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Great Lakes Article:

Possible fee boost may hurt recycling
Lawmakers look at landfill surcharge
By Ryan Werbeck
Times Herald
01/12/04

Blue plastic bins with empty cans, unwanted papers and used plastic containers line many Port Huron streets every week.

Jill Hurley, 29, dutifully fills hers without fail.

She has been recycling since moving to her home on Wall Street five years ago. Doing so helps protect the environment and future for her children, she said.

"I think it's very important," she said. "My kids won't have a place to do anything or trees to play on."

Under a bill being considered by state legislators, recycling programs such as Port Huron's and others in the area could see a boost in funding through a surcharge landfills would pay the state for every ton of waste left at their facility.

While lauded as a good idea, local officials see the move as unfair and potentially deadly to some recycling efforts.

"Ultimately, the customers are going to pay," said Larry O'Keefe, manager of the St. Clair County Landfill in Smiths Creek. It is the county's only landfill.

"It's like a gas tax on farmers," he said. "They deliver their wheat, but it costs more, so the price of wheat goes up."

The bill pending in the Legislature calls for a $3 per ton surcharge on solid waste from residential and commercial areas. A majority of that money then would be redistributed to local governments to help pay for recycling programs.

"People within the state who have to pay the surcharge should feel better that the money will go back to the communities," said Margaret Schulte, legislative director for Sen. Liz Brater, D-Ann Arbor, who sponsored the bill.

How the money would be distributed is among the sticking points legislators are trying to iron out in the bill, which is stalled in committee.

The benefit

Aside from promoting recycling, the bill is seen as a way of curbing out-of-state trash, a hot-button issue because the state is unable directly to ban hundreds of trash trucks coming from Canada each day bound for Michigan landfills.

Most of these trucks cross at the Blue Water Bridge in Port Huron.

Both of those goals appeal to David Trendell, owner of Anchor Recycling Inc. in Port Huron Township.

"We're doing our damnedest to keep things out of our landfills, and they're bringing everything over," he said. "I think (the bill) would encourage recycling."

Michigan needs encouraging when it comes to recycling.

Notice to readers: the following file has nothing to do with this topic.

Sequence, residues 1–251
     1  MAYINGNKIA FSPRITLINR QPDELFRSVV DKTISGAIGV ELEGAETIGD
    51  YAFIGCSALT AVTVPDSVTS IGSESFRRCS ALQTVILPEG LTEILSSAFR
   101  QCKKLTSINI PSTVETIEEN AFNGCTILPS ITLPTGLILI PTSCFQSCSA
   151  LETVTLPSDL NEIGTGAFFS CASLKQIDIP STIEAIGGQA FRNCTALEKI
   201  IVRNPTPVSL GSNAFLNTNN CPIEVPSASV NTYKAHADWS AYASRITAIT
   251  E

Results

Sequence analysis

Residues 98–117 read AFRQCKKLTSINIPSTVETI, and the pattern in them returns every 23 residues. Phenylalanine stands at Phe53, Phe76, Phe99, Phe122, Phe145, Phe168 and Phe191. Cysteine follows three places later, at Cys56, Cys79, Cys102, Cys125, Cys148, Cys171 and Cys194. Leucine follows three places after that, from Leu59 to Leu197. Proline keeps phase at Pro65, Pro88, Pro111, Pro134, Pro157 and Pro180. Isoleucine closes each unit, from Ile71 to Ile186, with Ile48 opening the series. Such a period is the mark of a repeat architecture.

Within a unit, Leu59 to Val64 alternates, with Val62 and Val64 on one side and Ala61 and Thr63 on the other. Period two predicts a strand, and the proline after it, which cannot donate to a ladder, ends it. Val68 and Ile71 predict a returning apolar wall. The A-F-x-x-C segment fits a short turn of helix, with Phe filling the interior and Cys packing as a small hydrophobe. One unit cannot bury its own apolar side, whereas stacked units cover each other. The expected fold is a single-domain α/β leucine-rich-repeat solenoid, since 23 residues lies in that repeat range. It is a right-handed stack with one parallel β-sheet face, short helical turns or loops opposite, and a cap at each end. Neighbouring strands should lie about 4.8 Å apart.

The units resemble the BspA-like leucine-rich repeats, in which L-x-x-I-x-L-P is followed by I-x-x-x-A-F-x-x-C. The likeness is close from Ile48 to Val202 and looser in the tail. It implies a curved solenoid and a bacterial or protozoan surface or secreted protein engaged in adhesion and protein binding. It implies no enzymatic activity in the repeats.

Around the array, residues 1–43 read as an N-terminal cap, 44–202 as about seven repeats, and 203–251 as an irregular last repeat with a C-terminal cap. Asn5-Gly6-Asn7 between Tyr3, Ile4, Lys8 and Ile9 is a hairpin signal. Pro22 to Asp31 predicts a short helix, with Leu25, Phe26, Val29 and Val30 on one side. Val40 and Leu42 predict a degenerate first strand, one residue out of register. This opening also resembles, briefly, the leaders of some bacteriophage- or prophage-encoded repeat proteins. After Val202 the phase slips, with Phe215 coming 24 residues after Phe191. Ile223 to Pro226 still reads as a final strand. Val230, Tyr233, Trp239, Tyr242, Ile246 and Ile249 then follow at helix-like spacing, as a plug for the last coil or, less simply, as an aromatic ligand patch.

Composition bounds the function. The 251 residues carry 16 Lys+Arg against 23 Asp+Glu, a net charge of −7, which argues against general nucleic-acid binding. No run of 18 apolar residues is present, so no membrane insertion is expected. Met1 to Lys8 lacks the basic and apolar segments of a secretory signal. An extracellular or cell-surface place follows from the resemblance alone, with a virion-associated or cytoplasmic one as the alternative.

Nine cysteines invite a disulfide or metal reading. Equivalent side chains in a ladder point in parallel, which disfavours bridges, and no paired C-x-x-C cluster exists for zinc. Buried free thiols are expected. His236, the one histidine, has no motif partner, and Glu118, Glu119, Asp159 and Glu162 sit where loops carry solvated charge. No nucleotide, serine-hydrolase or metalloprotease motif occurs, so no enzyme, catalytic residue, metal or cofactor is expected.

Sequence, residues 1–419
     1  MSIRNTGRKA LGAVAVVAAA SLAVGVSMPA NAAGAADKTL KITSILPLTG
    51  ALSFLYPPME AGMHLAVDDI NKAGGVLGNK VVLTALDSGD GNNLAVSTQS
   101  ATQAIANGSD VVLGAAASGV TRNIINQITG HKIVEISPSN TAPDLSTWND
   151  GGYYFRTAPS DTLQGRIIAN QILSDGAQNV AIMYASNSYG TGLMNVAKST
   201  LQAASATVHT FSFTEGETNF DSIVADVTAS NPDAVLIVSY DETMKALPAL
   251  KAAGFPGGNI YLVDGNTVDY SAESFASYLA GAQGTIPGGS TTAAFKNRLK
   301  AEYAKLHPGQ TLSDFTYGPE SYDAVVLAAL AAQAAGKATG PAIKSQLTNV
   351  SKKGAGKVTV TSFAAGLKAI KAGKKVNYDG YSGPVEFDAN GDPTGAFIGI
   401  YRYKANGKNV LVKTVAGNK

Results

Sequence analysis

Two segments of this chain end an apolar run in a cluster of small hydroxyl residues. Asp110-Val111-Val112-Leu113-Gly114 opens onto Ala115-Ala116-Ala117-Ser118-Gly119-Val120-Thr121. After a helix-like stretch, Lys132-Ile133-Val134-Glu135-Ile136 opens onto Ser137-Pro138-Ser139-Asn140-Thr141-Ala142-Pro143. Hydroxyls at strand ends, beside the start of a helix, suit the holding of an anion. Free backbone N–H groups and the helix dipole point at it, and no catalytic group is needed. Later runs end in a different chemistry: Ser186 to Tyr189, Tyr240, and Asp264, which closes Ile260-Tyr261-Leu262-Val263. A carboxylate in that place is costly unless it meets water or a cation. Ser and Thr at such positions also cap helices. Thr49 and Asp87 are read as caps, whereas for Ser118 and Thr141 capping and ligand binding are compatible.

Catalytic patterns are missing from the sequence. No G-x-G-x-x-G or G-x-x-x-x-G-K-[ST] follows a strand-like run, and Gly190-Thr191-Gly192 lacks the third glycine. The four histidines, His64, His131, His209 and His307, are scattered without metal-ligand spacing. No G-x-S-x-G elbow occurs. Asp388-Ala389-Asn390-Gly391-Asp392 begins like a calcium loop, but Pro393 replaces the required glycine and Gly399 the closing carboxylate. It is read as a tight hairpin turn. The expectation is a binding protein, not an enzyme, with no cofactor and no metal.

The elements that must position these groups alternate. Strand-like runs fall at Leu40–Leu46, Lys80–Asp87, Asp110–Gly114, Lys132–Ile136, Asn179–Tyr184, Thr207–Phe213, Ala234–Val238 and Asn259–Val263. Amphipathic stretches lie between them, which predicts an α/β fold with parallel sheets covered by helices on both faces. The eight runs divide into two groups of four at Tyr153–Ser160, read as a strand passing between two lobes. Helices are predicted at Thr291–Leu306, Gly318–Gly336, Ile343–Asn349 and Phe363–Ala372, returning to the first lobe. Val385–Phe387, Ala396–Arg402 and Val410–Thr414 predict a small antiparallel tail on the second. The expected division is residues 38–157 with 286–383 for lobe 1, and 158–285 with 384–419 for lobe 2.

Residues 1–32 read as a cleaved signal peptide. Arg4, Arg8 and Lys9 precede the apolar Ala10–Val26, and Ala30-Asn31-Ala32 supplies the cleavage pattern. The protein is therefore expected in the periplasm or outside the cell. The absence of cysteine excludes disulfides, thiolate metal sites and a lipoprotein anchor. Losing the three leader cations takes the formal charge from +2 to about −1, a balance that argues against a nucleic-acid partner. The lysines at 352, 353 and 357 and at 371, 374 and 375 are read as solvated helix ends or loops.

The state has a 20% recycling rate. Other Great Lakes states average 26%, the Michigan Recycling Coalition said.

Money from the surcharge could boost that rate.

Cities, townships and villages operate 493 recycling programs, a majority of those in the state.

Port Huron's program has been around for about eight years.

State officials said the surcharge contained in the proposed bill would generate between $41 million and $51 million annually.

Not popular

The reasons behind the bill don't apply to St. Clair County, leading some to dispute its purpose.

"Right now, St. Clair County doesn't take any waste from Canada," O'Keefe said. "We're raising (fees) on St. Clair County residents and businesses to discourage waste that doesn't come here."

Charlie Kaplan, owner of Marcotte Disposal Co., calls the surcharge another tax.

Kaplan's company collects recyclables for Port Huron Township and also has operations in Canada.

Imposing a surcharge that likely would be passed on to haulers and then residents or businesses doesn't make sense, he said.

"If companies picking it up can't make money, then what's the point," he said. "(A surcharge) doesn't do anything."

Port Huron City Engineer Robert Clegg also is opposed to the idea, saying it is a disincentive to recycle.

"If you've done the right thing and implemented a recycling program, you'll be penalized by the state," he said.

Schulte said that isn't the case.

"Some communities say if they have to bear the burden of this surcharge, it will make it difficult for them," she said. "But the money will come back to them."

The Michigan Municipal League has been vocal in its opposition, citing dangers to existing recycling programs.

"What our concern is when we have tough budget times and cities can look and see the state has a $55 million recycling program, it gives them a way to drop programs," said Joe Fivas, the league's manager of Transportation and Environmental Affairs.

"We think recycling programs will already suffer because of budget cuts."

Losing recycling opportunities likely will mean Hurley's recycling would decrease, she said.

"The convenience of it now is what makes it easier," she said.


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